# Estimation of functional connectivity using coupled Gamma processes

Felipe Gerhard (Brain Mind Institute, EPFL, Lausanne), Wulfram Gerstner (Brain Mind Institute, EPFL, Lausanne)

Generalized Linear Models (GLMs) are stochastic models that have been successfully used to model neural activity of single cells and populations. Typically, this requires the spike train to be binned into a binary time series that is modeled as a Bernoulli-type GLM. Unless a loss in temporal precision is acceptable, the bin size has to be chosen on the order of milliseconds. This renders an application to long-term recordings infeasible for computational reasons.

We propose a new, binning-free application of the GLM framework to model neural activity by noting that spike trains can equally be characterized by the sequence of continuous-valued inter-spike intervals (ISIs). It was shown that single-neuron spike trains can often be sufficiently modeled as a non-stationary renewal process. Here, we focus on the Gamma distribution for the inter-spike intervals as it allows the accommodation of a relative refractory period and includes the inhomogeneous Poisson process as a special case. We generalize the idea of a modulated Gamma process to the population level by including cross-couplings between the neurons in case of recordings from multiple neurons in parallel.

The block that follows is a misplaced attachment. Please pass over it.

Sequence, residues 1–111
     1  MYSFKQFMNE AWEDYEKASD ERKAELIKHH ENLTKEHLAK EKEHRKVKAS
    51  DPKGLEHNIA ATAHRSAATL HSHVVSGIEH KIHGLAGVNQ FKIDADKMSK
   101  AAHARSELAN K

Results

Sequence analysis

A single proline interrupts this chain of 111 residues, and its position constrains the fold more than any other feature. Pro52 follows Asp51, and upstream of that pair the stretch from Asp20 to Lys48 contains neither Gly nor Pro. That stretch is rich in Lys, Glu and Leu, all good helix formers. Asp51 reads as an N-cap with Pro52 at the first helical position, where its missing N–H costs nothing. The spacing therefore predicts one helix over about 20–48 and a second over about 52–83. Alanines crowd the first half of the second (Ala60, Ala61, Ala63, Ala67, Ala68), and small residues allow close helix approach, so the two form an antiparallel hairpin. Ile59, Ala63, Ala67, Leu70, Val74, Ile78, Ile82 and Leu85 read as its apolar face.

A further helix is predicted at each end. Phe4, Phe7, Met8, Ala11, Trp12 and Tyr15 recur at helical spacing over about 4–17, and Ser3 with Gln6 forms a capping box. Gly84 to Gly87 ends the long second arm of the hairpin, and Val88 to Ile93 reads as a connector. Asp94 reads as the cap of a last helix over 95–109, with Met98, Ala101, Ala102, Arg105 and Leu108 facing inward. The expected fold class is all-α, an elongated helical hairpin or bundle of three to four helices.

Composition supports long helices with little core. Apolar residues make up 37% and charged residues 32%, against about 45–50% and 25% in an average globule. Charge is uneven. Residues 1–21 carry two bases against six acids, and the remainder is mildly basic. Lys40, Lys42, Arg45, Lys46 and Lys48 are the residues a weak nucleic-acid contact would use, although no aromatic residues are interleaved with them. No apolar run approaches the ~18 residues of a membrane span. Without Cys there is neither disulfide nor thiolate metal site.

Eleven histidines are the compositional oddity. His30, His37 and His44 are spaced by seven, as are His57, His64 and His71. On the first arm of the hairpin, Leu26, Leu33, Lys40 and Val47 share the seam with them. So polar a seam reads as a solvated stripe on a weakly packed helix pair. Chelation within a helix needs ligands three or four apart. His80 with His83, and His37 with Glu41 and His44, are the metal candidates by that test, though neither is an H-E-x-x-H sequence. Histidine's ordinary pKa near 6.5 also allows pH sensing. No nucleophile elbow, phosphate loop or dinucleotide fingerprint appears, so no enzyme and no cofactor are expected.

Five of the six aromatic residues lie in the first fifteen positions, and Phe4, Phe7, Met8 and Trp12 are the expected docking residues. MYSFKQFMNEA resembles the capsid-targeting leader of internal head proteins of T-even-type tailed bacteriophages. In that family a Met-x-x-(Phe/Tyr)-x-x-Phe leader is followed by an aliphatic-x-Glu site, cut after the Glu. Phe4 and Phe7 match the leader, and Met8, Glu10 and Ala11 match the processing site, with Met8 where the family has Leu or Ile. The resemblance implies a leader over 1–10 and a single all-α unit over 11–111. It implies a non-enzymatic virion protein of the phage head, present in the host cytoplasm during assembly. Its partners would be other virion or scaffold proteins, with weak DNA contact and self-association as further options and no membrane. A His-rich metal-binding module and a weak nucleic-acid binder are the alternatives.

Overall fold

In a Gamma-GLM, each observed inter-spike interval is modeled as a sample from a Gamma distribution whose mean can vary with time, e.g. through modulation by an external stimulus. Traditionally, ISIs are assumed to be independent. However, this renewal assumption can be relaxed by conditioning on the durations of previous intervals. An inter-neuron coupling is introduced by additionally conditioning on the times of spikes of the other neurons. The Gamma distribution and other canonical distributions for inter-spike intervals are part of the exponential family so that efficient maximum likelihood solutions for all model parameters can be obtained using the framework of Generalized Linear Models. Considering the ratio between bin sizes for time-discrete models and the typical length of cortical inter-spike intervals, the computational demand can be reduced by several orders of magnitude. Goodness-of-fit is assessed by adapting standard tests for point process models and evaluating spike prediction performance based on cross-validation.

We demonstrate the versatility of the coupled Gamma model for estimating functional connectivity on artificial data sets and for real data. With a data set obtained from multi-electrode recordings of the visual system of the awake monkey, we show that the test power of the Gamma-GLM for detecting functional connectivity links can be comparable to the performance of a classical discrete-time GLM albeit requiring much less computational time and memory resources. Using the two models on the same data set, we are able to estimate the unknown, underlying connection density of the network. Finally, we discuss general limitations of coupled Gamma-GLMs on the type of interactions that can be faithfully represented and discuss similarities to other binning-free models, in particular Cox’s proportional hazards model.

## Acknowledgements

Felipe Gerhard thanks Gordon Pipa for useful discussions. The authors thank Sergio Neuenschwander and Bruss Lima for supplying the experimental data. Felipe Gerhard is supported by the Swiss National Science Foundation (SNSF) under grant number 200020-117975.